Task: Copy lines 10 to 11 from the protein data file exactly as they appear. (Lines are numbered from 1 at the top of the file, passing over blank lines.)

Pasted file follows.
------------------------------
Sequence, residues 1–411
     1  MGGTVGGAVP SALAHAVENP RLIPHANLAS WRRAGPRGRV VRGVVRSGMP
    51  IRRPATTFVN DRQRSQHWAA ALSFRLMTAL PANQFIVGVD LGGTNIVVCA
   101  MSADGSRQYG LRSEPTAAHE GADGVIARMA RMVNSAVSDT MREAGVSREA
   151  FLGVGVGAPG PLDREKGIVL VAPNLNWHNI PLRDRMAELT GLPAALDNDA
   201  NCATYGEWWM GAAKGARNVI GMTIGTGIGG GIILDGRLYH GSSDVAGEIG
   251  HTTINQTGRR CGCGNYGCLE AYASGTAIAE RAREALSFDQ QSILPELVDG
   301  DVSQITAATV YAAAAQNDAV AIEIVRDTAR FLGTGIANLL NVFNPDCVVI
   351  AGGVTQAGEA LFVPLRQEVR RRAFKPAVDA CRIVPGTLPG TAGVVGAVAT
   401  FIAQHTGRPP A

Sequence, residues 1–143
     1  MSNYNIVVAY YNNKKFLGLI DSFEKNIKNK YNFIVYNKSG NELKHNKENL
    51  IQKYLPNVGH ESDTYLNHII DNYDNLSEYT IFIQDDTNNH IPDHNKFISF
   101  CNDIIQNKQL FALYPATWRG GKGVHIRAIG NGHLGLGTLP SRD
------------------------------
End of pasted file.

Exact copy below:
   401  FIAQHTGRPP A

Sequence, residues 1–143